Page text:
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    1165 Tunnel #G all outbuildings were destroyed.

    Santa Paula City E-81, damage from hitting block column.

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    Fires path at 1165 Tunnel # E & #G The fire came from the northwest which would be from left to right on this photo.

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    OVERVIEW OF THE PALOMINO ACCIDENT 1125 Palomino Road Equipment and Personnel:

    Los Angeles County Fire Department (LAC) LAC Engine 70 (E-70) is a 2007 KME Type I Fire Engine. E-70 was staffed by a Captain, a Fire Apparatus Engineer, and two Firefighters On May 6, 2009, Los Angeles Fire Department (LFD) ST 1002A was assigned to protect structures on Palomino Road. After receiving the morning briefing and instructions from LFD STEN-1002A, the strike team arrived on Palomino Road at approximately 10:00 AM. LFD STEN-1002A scouted the area, developed a plan and began to prepare the homes for the fire front. LFD E-98 was positioned facing the direction of egress along Palomino Road directly in front of 1121 Palomino Road. Firefighters deployed two hose lines. One line was identified to protect the home at 1125 Palomino Road and the other line would be used to protect the structure at 1121 Palomino Road. Firefighters removed combustible items away from the structures and established a water source from a supply line pumped from another engine hooked to a hydrant located approximately 300 feet down the road. LAC ST-1240A was off shift from the previous night and called back to duty from the Incident Base when additional resources were requested. LAC ST-1240A was then assigned to Tunnel Structure Group and arrived at Palomino Road at approximately 3:25 PM. After receiving instructions from LAC STEN -1240A, LAC E-125 and LAC E-70 drove up the lower spur of Palomino Road to protect structures. They were unaware of other engines located on Palomino Road. Both LAC E-125 and LAC E-70 drove up lower Palomino Road and observed spot fires in the drainage below as they drove around the bend. LAC E-125 went to the end of Palomino Road and backed into the driveway of 1125 Palomino Road, LAC E-70 drove past LAC E-125 and stopped to allow LAC E-125 to clear the driveway. LAC E-125 pulled out of the driveway and proceeded back down Palomino Road. LAC E-70 backed into the driveway at 1125 Palomino Road in an attempt to turn around. The fire activity increased and LAC E-70 was unable to make the turn and stopped. Firefighters attempted to deploy hose lines to protect their engine. LFD FC-98 observed LAC E-70s position getting hit by the fire front. LFD E-98 and his two firefighters placed E-98s second hose line into operation to protect LAC E-70. Conditions deteriorated, and LFD FC-98 gave instructions for everyone to take refuge in the structure located at 1125 Palomino Road. LAC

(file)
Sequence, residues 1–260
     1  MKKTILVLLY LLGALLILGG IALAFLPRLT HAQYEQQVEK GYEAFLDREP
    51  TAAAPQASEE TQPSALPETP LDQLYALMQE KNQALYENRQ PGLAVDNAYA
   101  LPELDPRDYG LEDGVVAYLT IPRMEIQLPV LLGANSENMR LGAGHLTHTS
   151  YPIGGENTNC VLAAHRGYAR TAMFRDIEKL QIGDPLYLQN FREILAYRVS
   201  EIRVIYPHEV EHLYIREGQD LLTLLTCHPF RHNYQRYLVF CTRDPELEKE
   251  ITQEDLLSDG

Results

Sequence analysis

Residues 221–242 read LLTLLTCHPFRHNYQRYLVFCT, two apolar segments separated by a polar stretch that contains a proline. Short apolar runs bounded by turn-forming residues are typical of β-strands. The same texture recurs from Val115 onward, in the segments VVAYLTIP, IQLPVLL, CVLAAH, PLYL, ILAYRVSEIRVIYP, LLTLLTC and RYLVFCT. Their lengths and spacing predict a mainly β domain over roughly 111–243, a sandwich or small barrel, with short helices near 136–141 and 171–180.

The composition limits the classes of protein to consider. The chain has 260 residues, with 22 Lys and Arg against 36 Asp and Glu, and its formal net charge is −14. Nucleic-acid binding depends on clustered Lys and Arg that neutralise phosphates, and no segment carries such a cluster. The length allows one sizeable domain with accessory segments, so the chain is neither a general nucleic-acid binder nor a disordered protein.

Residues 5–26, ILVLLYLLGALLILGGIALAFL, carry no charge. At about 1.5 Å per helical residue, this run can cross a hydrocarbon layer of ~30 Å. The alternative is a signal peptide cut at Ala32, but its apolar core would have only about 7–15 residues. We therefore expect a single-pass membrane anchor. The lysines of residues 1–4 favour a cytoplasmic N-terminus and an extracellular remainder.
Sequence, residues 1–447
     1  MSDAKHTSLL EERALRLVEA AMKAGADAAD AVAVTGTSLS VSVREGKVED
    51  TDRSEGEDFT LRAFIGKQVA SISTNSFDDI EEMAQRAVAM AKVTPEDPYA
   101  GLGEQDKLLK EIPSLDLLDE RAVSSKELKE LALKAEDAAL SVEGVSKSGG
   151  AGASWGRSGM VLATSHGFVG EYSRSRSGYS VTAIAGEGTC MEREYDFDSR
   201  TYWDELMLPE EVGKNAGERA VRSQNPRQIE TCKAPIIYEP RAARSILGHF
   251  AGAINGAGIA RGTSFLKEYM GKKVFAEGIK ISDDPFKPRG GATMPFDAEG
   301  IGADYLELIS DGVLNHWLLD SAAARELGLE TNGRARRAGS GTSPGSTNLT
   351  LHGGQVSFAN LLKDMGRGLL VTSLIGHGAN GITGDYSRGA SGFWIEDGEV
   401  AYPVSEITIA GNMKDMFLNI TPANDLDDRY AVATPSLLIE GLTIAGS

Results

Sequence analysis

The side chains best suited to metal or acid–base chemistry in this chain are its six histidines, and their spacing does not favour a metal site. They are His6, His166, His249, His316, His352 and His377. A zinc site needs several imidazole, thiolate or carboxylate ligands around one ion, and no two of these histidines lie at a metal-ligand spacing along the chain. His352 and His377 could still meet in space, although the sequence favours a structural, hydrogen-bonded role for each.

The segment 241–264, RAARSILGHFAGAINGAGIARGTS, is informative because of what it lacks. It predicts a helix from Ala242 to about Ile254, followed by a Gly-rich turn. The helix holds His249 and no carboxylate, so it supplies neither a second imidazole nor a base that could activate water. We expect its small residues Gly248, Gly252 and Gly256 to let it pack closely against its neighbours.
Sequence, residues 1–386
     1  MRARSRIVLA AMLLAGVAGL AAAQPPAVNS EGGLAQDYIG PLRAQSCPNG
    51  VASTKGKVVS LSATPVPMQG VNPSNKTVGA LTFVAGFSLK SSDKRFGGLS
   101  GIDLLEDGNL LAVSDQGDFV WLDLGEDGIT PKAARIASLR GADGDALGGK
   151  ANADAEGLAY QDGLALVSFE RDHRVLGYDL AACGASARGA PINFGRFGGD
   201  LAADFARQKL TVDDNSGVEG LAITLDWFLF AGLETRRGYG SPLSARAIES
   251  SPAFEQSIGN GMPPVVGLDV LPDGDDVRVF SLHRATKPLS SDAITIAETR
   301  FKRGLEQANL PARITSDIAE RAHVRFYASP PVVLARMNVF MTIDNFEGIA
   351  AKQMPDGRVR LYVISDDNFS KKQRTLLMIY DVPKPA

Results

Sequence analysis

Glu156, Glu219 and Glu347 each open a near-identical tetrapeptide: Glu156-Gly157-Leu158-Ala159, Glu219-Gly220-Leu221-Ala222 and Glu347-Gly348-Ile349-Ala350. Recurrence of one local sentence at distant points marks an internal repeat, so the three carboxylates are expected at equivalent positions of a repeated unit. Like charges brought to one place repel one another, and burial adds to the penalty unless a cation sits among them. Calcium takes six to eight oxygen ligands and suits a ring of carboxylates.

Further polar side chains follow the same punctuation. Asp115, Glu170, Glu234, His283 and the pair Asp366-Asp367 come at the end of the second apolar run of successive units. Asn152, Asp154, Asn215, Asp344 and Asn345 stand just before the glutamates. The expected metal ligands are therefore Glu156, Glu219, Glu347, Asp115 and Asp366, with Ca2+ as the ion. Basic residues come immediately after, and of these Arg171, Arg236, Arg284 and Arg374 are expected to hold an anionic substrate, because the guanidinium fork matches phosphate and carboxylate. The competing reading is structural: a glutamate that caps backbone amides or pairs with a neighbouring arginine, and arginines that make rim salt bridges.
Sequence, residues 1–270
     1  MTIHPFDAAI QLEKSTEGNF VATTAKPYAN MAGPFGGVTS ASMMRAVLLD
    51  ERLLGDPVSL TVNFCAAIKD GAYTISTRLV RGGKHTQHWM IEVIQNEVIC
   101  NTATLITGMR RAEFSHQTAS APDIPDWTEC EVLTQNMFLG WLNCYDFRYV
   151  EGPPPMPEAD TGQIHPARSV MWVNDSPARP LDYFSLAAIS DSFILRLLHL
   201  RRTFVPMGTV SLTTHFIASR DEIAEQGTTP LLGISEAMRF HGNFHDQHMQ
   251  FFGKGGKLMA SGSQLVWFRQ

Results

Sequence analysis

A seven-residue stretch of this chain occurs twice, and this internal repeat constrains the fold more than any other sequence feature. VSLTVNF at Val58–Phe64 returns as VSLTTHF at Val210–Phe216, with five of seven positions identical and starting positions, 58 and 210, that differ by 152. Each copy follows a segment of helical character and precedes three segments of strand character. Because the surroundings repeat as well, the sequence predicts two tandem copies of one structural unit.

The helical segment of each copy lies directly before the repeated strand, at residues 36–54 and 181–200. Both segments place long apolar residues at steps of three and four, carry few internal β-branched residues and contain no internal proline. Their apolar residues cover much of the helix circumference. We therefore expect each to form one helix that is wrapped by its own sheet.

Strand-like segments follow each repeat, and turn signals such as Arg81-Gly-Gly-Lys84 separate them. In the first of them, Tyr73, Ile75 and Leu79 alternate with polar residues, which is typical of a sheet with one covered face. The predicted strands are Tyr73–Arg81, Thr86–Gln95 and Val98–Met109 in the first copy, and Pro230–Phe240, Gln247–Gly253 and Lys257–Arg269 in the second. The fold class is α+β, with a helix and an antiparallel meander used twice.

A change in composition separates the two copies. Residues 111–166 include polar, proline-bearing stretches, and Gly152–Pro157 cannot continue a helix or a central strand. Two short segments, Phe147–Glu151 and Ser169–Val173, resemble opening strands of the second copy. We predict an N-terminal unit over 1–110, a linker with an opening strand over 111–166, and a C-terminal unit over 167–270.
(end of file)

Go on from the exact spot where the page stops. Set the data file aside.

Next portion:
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    FAE-98 remained at the engine while the remainder of the crew sought refuge. The crew from LAC E-70, along with two firefighters from LFD E-98, took refuge in the garage. LFD FC-98 took shelter in the main part of the structure. LFD FC-98 directed the crews to move from the garage to his location farther into the house LAC FC-70 and LFD FC-98 contacted their respective STENs by radio as to having had to shelter in the structure. A few minutes later LAC STEN-1240A radioed LAC FC-70 that he was outside the building and it was safe to come out. The crew from LFD E-98 went back to their engine and continued fighting fire. The crew from LAC E-70 returned to the engine and found it had stopped running. The engine was re-started driven to base camp, and was placed out of service in Ground Support. LAC FAE-70 suffered heat exhaustion, was transported to the hospital via ambulance, treated and released. LAC E-70 received moderate damage. The structure at 1125 Palomino Road was destroyed. INJURIES:

    Engine 70 Fire Apparatus Engineer (FAE-70) Heat exhaustion

    DAMAGE: LAC E-70 had moderate fire damage to the complete front side of the vehicle, including cracks to both front windshields and the cab mounted light bar destroyed. Left side tires were damaged. The motor had stalled on the incident, and the crew discovered the air cleaner had burned. PALOMINO FINDINGS Personnel The area was scouted by LFD STEN-1002A, structures deemed defendable and a conscious decision was made by the strike team leader and engine company officers to stay and defend structures even with poor escape routes and safety zones. LAC Strike team 1240A was deployed from base camp while off shift and did not have the benefit of a formal briefing and was unfamiliar with the area. LAC E-125, 70, and 99 arrived on Palomino road as spot fires occurred in the area of Palomino Road.

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    LAC E-70 was caught by the fire front, and not able to turn the engine around and egress to a safe location. This forced the crew of LFD E-98 to assist them, and take shelter in the structure at 1125 Palomino.